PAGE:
Remember watching Dawson’s Creek back in the day and thinking, what 16 year old honestly talks like that? Armed with prodigious vocabularies (I am allowed to use the word prodigious as I am 26 and not 16), they philosophized about the metaphysical, the meaning of life, and so forth as casually as if they were discussing what they had for breakfast. Those were definitely not the type of people I went to high school with, and from what I can tell from the Facebook statuses of current high schoolers (spackled with lolz, omfg, and I “heart” this and that), they are typically not known for being profound conversationalists. Which is one of the only problems I have with The Fault in Our Stars by John Green – that is, the two 16 year old main characters speak as though they are a couple of wizened, enlightened ancients going through an existential crisis.
Need an example to clarify things for you? Shortly after our star crossed lovers meet, Augustus shows Hazel his room filled with basketball trophies, and naturally begins to discuss the hours he used to spend shooting free throws; “All at once, I couldn’t figure out why I was methodically tossing a spherical object through a toroidal one.” Then later as Hazel mentally gushes over Augustus, she thinks, “I liked that he took existentially fraught free throws… And I liked that he had two names. I’ve always liked people with two names… Me, I was always just Hazel, univalent Hazel.” Really? Three problems: (1) What the heck is a toroidal object? I don’t recall covering that one in high school geometry. In fact, spell check doesn’t even recognize it as a word, that’s how obscure it is! And (2) who wants to mix existentialism in with their sports? That seems like an awful idea if I ever heard one. And finally, (3) univalent?! REALLY? Also, Hazel and Augustus use the words “metaphorically resonant” no less than five times throughout the book. I counted.
I know that cancer makes you grow up fast. Maturity beyond one’s years, that’s one thing; but a cancer diagnosis should not magically inject a teenager with the tongue of a great philosopher. I guess now would be a good time to discuss what the story was actually about. Augustus and Hazel both have different forms of cancer, and met at a cancer support group. Hazel’s cancer, as she states from the very beginning of the book, is terminal, and it is just a matter of time before she dies. Understandably, she is not really all that eager to make friends that she knows she will eventually be leaving behind. Despite her reservations, though, Hazel and Augustus become friends, then more than friends. And of course, as with any cancer book, just when everything seems to be coming up roses things suddenly go south.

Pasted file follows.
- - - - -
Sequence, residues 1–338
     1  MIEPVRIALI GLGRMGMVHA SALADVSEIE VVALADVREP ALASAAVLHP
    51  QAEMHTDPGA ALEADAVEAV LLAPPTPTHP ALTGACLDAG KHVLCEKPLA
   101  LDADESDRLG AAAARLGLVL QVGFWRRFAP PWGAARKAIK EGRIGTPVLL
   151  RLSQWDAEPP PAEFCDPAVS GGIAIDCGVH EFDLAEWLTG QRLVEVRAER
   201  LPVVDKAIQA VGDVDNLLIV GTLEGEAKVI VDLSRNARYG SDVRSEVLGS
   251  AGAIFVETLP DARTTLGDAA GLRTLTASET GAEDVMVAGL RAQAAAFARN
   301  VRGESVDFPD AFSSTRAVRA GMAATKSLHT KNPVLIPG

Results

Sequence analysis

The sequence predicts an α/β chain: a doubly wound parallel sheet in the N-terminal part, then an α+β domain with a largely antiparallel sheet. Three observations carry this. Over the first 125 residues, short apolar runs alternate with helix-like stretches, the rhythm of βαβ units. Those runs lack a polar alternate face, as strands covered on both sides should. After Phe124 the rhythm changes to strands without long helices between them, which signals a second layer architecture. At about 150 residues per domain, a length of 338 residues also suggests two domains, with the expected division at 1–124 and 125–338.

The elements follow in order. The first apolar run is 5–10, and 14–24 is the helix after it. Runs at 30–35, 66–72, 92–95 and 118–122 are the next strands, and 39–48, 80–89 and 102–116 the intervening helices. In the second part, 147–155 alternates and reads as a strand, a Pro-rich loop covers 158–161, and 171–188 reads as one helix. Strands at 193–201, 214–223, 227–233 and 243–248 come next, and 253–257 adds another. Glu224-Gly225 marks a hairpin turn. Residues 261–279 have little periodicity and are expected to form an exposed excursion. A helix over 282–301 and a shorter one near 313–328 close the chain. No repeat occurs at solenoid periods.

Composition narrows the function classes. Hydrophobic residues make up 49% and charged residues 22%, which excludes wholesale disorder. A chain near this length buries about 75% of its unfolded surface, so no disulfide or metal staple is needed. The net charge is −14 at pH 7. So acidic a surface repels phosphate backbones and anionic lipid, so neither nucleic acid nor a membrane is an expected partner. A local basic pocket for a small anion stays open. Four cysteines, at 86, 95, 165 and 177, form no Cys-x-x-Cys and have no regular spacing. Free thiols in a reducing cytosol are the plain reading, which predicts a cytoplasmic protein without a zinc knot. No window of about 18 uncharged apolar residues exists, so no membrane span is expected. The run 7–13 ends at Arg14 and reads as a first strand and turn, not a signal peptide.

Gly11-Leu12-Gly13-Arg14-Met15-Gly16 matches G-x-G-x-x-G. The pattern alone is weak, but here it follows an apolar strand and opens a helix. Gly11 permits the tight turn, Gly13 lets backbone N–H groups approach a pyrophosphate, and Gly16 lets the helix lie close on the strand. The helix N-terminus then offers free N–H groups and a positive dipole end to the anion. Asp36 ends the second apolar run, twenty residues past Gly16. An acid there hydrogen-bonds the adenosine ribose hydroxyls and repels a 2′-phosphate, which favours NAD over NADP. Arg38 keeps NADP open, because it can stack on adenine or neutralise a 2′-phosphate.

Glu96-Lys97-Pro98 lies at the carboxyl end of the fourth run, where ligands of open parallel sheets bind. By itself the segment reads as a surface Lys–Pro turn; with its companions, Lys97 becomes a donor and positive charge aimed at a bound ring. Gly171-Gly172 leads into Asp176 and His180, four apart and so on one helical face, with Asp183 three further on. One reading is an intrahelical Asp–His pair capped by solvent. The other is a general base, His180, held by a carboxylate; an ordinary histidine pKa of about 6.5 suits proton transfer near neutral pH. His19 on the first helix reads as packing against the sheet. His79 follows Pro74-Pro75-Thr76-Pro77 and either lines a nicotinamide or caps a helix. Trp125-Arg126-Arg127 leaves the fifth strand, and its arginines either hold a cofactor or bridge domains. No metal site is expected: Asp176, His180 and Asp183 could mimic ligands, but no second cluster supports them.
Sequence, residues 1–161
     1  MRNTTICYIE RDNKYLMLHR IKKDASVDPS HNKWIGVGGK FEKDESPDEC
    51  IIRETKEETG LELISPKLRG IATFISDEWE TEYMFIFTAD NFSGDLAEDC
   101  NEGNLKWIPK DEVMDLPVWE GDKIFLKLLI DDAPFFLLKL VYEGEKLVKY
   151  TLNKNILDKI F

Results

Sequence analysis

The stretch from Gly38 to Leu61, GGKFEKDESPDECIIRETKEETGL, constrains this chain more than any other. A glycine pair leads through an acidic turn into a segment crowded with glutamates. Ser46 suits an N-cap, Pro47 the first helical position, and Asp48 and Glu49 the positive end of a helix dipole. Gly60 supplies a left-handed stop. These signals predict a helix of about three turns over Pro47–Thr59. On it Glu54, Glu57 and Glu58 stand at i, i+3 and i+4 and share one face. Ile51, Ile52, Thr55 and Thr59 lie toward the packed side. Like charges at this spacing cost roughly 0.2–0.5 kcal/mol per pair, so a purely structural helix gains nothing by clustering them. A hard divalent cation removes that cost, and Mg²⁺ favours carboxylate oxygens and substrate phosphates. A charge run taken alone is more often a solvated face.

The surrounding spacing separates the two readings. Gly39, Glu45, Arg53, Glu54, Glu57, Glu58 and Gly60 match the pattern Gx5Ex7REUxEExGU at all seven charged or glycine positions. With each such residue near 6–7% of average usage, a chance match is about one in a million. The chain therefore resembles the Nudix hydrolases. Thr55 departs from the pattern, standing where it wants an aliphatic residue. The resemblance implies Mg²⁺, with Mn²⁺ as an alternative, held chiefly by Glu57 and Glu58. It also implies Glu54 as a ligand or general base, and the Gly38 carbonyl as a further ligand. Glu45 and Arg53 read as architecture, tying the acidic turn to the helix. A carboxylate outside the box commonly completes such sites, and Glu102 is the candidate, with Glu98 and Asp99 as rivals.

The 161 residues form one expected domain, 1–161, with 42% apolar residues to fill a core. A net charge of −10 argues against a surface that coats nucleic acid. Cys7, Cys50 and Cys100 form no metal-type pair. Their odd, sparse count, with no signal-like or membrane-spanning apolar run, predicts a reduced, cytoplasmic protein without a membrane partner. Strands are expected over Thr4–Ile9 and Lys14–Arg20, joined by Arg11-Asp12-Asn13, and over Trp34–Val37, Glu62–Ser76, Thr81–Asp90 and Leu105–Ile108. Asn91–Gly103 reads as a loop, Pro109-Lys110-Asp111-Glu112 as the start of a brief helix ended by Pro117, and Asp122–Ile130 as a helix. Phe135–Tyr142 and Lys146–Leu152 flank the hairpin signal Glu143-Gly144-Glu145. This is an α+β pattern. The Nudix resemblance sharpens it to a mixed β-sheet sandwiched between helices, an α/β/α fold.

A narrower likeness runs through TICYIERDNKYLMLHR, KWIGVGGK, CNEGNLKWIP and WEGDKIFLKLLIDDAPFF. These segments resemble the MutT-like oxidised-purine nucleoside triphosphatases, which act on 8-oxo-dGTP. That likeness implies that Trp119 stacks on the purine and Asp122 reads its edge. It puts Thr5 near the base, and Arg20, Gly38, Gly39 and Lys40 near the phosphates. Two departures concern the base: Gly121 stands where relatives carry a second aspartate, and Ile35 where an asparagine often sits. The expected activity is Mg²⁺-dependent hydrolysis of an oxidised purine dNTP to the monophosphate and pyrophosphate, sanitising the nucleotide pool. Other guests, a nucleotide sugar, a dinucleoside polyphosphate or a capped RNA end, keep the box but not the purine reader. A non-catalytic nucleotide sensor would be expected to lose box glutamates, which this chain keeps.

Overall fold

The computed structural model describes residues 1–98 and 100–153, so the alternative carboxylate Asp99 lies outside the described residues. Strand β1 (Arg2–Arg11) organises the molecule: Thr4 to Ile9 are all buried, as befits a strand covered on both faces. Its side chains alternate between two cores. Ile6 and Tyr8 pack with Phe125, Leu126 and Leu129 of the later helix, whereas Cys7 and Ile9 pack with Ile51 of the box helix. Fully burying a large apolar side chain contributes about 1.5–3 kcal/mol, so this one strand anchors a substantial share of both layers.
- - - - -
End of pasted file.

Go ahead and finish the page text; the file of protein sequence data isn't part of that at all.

Although it probably doesn’t sound like it so far, I actually really did enjoy this book for the most part (although I do have to take it down a few notches for not making me cry, as a book about cancer should). And this is coming from a person who cries pretty easily while reading. The lack of tears is probably an artifact of my finding it quire difficult to connect with the characters completely. Yet, there were moments that completely captured me. One such moment was a passage from Hazel about love and dying:
“I can’t talk about our love story, so I will talk about math. I am not a mathematician, but I know this: There are infinite numbers between 0 and 1. There’s .1 and .12 and .112 and an infinite collection of others. Of course, there is a bigger infinite set of numbers between 0 and 2, or between 0 and a million. Some infinities are bigger than other infinities. A writer we used to like taught us that. There are days, many of them, when I resent the size of my unbounded set. I want more numbers than I’m likely to get… But, Gus, my love, I cannot tell you how thankful I am for our little infinity. I wouldn’t trade it for the world. You gave me a forever within numbered days, and I’m grateful.
To me, that passage was perfect in every way, and it is the moments like those that I will remember most when thinking about this book. Thank you, thank you Mr. Green, for leaving behind the Dawson-speak long enough to get that passage out!
Final Rating: 3.5 out of 5